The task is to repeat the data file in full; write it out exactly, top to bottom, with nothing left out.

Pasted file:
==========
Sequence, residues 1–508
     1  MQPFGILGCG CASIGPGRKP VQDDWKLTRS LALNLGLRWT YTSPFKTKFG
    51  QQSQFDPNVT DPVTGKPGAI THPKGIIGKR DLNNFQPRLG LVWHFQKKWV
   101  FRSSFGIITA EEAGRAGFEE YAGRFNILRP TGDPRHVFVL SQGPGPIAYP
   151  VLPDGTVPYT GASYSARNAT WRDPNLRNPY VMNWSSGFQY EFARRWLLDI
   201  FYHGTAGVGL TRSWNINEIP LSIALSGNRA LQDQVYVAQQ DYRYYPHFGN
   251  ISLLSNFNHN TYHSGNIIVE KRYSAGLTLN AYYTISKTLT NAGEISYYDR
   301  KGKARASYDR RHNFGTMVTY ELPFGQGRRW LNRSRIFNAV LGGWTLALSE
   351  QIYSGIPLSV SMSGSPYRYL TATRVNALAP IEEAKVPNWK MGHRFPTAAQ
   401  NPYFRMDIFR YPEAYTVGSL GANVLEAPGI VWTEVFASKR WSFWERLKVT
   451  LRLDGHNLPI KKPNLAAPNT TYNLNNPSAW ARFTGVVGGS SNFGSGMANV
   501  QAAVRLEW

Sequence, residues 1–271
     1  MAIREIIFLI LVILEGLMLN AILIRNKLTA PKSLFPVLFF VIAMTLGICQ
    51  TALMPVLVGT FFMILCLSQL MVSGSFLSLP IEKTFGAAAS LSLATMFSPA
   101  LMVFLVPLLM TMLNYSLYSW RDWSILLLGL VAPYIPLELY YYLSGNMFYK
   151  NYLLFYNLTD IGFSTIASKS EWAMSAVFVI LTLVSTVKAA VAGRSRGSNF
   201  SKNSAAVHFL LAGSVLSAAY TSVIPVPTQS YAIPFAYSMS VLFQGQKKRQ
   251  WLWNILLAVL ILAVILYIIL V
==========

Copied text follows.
Sequence, residues 1–508
     1  MQPFGILGCG CASIGPGRKP VQDDWKLTRS LALNLGLRWT YTSPFKTKFG
    51  QQSQFDPNVT DPVTGKPGAI THPKGIIGKR DLNNFQPRLG LVWHFQKKWV
   101  FRSSFGIITA EEAGRAGFEE YAGRFNILRP TGDPRHVFVL SQGPGPIAYP
   151  VLPDGTVPYT GASYSARNAT WRDPNLRNPY VMNWSSGFQY EFARRWLLDI
   201  FYHGTAGVGL TRSWNINEIP LSIALSGNRA LQDQVYVAQQ DYRYYPHFGN
   251  ISLLSNFNHN TYHSGNIIVE KRYSAGLTLN AYYTISKTLT NAGEISYYDR
   301  KGKARASYDR RHNFGTMVTY ELPFGQGRRW LNRSRIFNAV LGGWTLALSE
   351  QIYSGIPLSV SMSGSPYRYL TATRVNALAP IEEAKVPNWK MGHRFPTAAQ
   401  NPYFRMDIFR YPEAYTVGSL GANVLEAPGI VWTEVFASKR WSFWERLKVT
   451  LRLDGHNLPI KKPNLAAPNT TYNLNNPSAW ARFTGVVGGS SNFGSGMANV
   501  QAAVRLEW

Sequence, residues 1–271
     1  MAIREIIFLI LVILEGLMLN AILIRNKLTA PKSLFPVLFF VIAMTLGICQ
    51  TALMPVLVGT FFMILCLSQL MVSGSFLSLP IEKTFGAAAS LSLATMFSPA
   101  LMVFLVPLLM TMLNYSLYSW RDWSILLLGL VAPYIPLELY YYLSGNMFYK
   151  NYLLFYNLTD IGFSTIASKS EWAMSAVFVI LTLVSTVKAA VAGRSRGSNF
   201  SKNSAAVHFL LAGSVLSAAY TSVIPVPTQS YAIPFAYSMS VLFQGQKKRQ
   251  WLWNILLAVL ILAVILYIIL V